Av Hazard publicizes safety and operational concerns to help prevent accidents but it works only if we hear from you. Use the postage-free Av Hazard card to describe the hazard and return it to Pro Pilot. To obtain an official FAA review send NASA an ASRS form. For immediate action, call the airport, FBO, ATC, FSDO or the 24-hour FAA Safety Hotline at 800-255-1111. Note: Telephone numbers for all US Towers and ARTCCs are published in Ac-U-Kwik and Pilots Express Airport/Heliport/FBO directories. To report safety concerns outside the US, contact ICAO HQ at 514-954-8219 or via fax at 514-954-6077. ICAO has worldwide telephone and fax numbers to expedite Av Hazard reports to civil aviation authorities.
Disturbed by pilot comments
I’m upset with “Upset” (Pro Pilot, Sep 2009, p 17). This is the attitude that gets people killed! First of all look at FAR Parts 91.3 and 91.103. Read them! As a professional pilot you must be better than the average pilot. Your situational awareness covers everything. This is most important while on the ground and in the departure and arrival stages of flight. Knowing who is operating what and where is paramount to the safe operation of aircraft. It’s called the “Big Picture.” I am very surprised that these comments came from an airline pilot who flies multiple trips on a regular basis. We all should learn from USAir Flight 2998 [a Dec 6, 1999 near-miss at PVD].
__ATP, Citation Mustang
- This refers to the Sep 2009 Av Hazard in which an airline pilot complained about this writer’s comments about a near ground collision at CLT (Charlotte NC), reported in the July Av Hazard. A CRJ200 aborted its takeoff when a PC12, cleared for takeoff on the same runway, taxied into position for departure at an intersection further down the runway in front of the CRJ. My original comments stated that even though it was an operational error on the part of the control tower, both flightcrews could have had better situational awareness (SA) by knowing which aircraft were around them and listening to ATC frequencies for other aircraft authorizations. USAir 2998 mentioned above involved an outstanding flightcrew, with excellent SA, which avoided certain tragedy by not accepting takeoff instructions blindly.
They were monitoring airport frequencies and aware of developing problems at the airport due to fog and a lost United aircraft which wandered back onto the active runway. Moments before, a cargo aircraft accepted takeoff instructions and rotated in the fog right over the top of the United aircraft. The point last year remains the same—regardless of whose fault an occurrence may be, all pilots in the cockpit must do everything they can to avoid possible collisions. Serious runway incursions continue and yes, pilots should know what aircraft are behind or in front of them and be aware of who is cleared for takeoff and who is cleared to land.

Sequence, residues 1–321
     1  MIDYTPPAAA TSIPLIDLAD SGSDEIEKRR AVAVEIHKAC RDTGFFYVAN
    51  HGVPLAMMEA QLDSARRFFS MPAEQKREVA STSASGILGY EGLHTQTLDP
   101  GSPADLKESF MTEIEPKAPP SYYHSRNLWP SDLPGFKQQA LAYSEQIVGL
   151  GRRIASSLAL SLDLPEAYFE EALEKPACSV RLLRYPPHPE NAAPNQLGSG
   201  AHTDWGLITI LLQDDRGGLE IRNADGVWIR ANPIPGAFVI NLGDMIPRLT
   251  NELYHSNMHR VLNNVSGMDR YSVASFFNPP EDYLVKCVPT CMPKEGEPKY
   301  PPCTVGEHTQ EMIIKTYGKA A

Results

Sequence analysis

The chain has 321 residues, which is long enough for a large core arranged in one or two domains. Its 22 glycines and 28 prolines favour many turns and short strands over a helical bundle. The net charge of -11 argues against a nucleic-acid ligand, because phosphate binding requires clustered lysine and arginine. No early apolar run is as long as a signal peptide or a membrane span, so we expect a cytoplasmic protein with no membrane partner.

For example, on Feb 2, 1991, a USAir 737 was cleared to land on Rwy 24L at LAX when a SkyWest Metroliner was placed in position and hold on the same runway. The controller planned to clear the Metro for takeoff before the 737 landed but did not. The Metro was hard to see at night on the runway and when the 737 touched down it could not stop in time to avoid a collision. Clearly, this was the tower controller’s fault and ATC procedures have since been changed, including limiting use of position and hold clearances. There are still many unanswered questions, though, most of them related to flightcrew awareness. We must listen to the radio traffic and be alert, developing our SA of the departure and arrival picture so we can avoid tragedy, even if it’s not our fault.
ATC handling at PHL
During approach to Rwy 9R at PHL, we heard occasional bleedover of music on the active frequency. Other aircraft were reporting this to the controller who then instructed all aircraft to use another frequency where there was no music bleed?over. Then after flying in compliance with all speed/vector instructions we were handed over to Tower. Fully configured inside the FAF, Tower then told us to go around with heading and altitude instructions and handed us back to the approach controller, giving us the frequency that was having bleedover problems. This made communication challenging as we flew in turbulent rain. Finally we were switched over to the proper frequency. We continued the minimums approach and again inside the FAF we were told to go around. ATC separation skills were clearly lacking. After the 2nd approach we landed and cleared left, surrounded by airliners on the taxiway. We waited 30 sec for Tower to hand us off to Ground with no word. It seemed wise therefore to call Ground directly—we did and then were handslapped for not waiting for Tower to hand us off. The entire experience was sloppy and unprofessional by ATC.
__ATP, Citation X
- Not hearing from Tower for a handoff is disconcerting, especially at a busy airport like PHL. Pilots should not be chastised for trying to contact ground control to receive movement instructions on the ground.